Welcome to the 21-22 Winter CSA!

It is here, the start of our 7-month journey of eating Central Oregon style! The next few months will be a tour through the miracle that farming in Central Oregon is. Each month you will get a crate of fresh greens and storage vegetables. All certified Organic. All nutrient dense. All full of the Central Oregon terroir. And, if you signed up for the meat CSA, you’ll receive a 10-lb bag of mixed meat each month. Our meat is pastured, chemical and GMO free, born and raised and processed right here. In terms of eating local, supporting your community, and filling yourself with delicious, nutritious food, it doesn’t get much better than your next 7 months.

We worked hard this past summer to grow so many storage vegetables we can hardly see straight! Potatoes, alliums, beets, celeriac, parsnips, carrots, winter squash, sweet potatoes. These were all planted in the early to mid summer, tended, weeded, witnessed, harvested, cleaned, and packed away for the winter by our farmers.

In late July we started our first succession of winter greens from seed and spent until last week growing additional successions and planting them in our hoops. It always feels so optimistic and wildly risky to start growing a vegetable called “Siberian Kale” that excels in cold winter temps in July. But this move allows us to have fresh greens all winter. We aim to include fresh greens with each CSA share. Sometimes the weather gets the best of us, but we almost always succeed.

We look forward to seeing you on Thursday and can’t wait to watch you open your monthly vegetable share. It always feels a lot like Santa on CSA day. We love the joy that spreads across your faces at what our corner of Central Oregon can produce as the days gets shorter and colder.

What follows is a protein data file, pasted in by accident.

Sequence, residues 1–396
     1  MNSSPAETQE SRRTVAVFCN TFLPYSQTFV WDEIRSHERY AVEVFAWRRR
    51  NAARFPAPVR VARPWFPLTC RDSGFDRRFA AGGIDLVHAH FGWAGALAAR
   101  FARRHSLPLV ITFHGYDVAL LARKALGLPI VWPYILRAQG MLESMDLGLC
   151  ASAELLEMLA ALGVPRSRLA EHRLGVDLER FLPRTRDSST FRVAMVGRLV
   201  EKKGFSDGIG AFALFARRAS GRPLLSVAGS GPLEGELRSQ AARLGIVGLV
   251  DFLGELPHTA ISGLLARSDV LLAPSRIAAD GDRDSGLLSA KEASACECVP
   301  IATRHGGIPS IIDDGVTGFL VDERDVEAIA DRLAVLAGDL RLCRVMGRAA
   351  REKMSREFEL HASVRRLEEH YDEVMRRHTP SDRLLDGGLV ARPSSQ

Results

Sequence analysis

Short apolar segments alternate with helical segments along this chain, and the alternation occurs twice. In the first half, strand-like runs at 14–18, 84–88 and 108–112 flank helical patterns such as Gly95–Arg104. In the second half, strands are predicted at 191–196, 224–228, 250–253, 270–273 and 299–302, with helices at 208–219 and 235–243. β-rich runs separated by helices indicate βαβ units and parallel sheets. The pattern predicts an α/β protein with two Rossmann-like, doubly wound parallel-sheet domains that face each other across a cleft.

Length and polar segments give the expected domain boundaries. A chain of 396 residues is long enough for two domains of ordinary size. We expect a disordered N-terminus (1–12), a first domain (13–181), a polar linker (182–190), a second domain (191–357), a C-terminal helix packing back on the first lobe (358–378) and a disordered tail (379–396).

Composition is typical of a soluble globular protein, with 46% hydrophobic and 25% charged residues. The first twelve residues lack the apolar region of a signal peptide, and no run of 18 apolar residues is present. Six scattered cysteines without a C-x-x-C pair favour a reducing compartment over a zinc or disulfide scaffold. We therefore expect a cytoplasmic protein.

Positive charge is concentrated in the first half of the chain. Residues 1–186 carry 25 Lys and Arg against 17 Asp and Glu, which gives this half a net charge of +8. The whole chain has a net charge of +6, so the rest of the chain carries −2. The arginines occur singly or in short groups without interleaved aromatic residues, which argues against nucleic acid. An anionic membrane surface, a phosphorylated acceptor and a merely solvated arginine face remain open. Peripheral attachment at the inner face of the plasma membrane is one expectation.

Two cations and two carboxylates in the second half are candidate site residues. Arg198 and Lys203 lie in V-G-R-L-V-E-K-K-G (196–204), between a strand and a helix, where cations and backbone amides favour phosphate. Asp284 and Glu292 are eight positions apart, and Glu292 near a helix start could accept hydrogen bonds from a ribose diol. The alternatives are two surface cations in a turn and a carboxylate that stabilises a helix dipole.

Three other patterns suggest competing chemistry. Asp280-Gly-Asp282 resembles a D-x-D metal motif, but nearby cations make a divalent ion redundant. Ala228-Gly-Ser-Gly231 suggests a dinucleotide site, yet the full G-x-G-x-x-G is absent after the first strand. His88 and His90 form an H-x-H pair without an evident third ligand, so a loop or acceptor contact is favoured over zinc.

Our baby Siberian Kales, planted over the past 2 months, are getting bigger by the day! Our new root washer has gotten a major workout over the past month as we have harvested, washed, and stored all our winter storage crops. Now it is getting ready to hibernate until next August. 

Your November CSA share

This is a Sunday estimation of what we will be harvesting next week. We have been keeping an eye on the weather, the hoops, and our storage crops and have a pretty good idea of what is out there and ready to be harvested and packed, but we won’t really know until we start packing. Consider this a very educated guess.

This month, we think your Vegetable CSA share will include:

Winter Squash

Daikon Radish
Green Onions

Our Meat share this month includes a whole roasting chicken, beef soup bones, and ground beef.

Recipe Roundup

Cabbage, Potato and Leek Soup
(Adapted from Melissa Clark’s recipe on the New York Times Cooking website)
I made this last weekend and it was so sweet and delicious!

optional 1 lb Italian sausage, seasoned ground beef, or ground pork
6 tablespoons unsalted butter
3 medium leeks, white and light green parts, thinly sliced
1/4 to 1/2 cabbage, shredded
2 garlic cloves, finely chopped
4-6 purple viking potatoes, scrubbed and diced
4-6 cups chicken or vegetable stock
2½ teaspoons kosher salt
2 thyme branches
½ teaspoon black pepper
Grated Parmigiano-Reggiano, to serve